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In the past, the train station in Moere was a stop along the famous railway 62 which connected Ostend and Torhout with the city of Armentières in northern France. During the roaring twenties, this railroad line played an essential role in the culture of international luxury train travel. Affluent Parisians boarded the Paris-Belgian Coast Pullman Express to the popular beach resort towns of Ostend and Knokke; their suitcases and hat cases filled with the latest haute-couture and swimwear. Departing from Ostend, the rich and famous travelled in trains whose legendary names still conjure up images of elegance and luxury: the Orient Express, the Ostend-Vienna Express and the Ostend-St. Petersburg Express.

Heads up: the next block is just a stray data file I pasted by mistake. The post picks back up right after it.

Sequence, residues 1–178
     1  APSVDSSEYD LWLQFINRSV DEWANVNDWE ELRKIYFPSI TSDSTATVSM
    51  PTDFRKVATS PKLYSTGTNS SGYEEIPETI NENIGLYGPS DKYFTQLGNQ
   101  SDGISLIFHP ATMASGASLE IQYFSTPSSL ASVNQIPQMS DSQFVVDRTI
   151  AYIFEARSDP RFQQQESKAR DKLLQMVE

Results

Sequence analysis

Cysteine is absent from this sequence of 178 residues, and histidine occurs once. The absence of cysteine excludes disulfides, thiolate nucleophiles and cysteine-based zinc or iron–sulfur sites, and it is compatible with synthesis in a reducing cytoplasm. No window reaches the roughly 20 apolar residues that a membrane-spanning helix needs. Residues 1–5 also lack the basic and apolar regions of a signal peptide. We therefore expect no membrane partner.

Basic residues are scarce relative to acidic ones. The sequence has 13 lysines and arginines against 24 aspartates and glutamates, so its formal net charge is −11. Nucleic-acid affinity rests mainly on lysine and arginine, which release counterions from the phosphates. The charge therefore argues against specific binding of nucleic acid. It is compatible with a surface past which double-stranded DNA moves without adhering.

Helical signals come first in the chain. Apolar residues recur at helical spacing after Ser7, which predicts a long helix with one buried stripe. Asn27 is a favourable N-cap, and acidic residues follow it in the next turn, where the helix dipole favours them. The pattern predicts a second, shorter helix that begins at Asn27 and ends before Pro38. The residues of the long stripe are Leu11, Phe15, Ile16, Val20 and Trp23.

The Pullman Express covered the distance between Paris and the Belgian coast in just five and half hours. Along the 22 km (13.4 miles) trajectory between Torhout and Ostend, train stations were built every 3 kilometres. Unlike the stations of Wijnendale, Ichtegem, Eernegem, Gistel and Snaaskerke, the station in Moere was preserved over the years. The station was operational from 1868 to 1963, when local train travel was abandoned.  In 2002, the station became protected monument.


The old train track was eventually transformed to what is now known as the “Green 62”, a bike and walking path. Although the railroad was dismantled, the connection between the countryside and the coast persisted. The path crosses through reclaimed flat pastures, dunes, plains and plateaus – a unique and varied landscape which the guests of Spoor.62 can explore either by foot or on bike.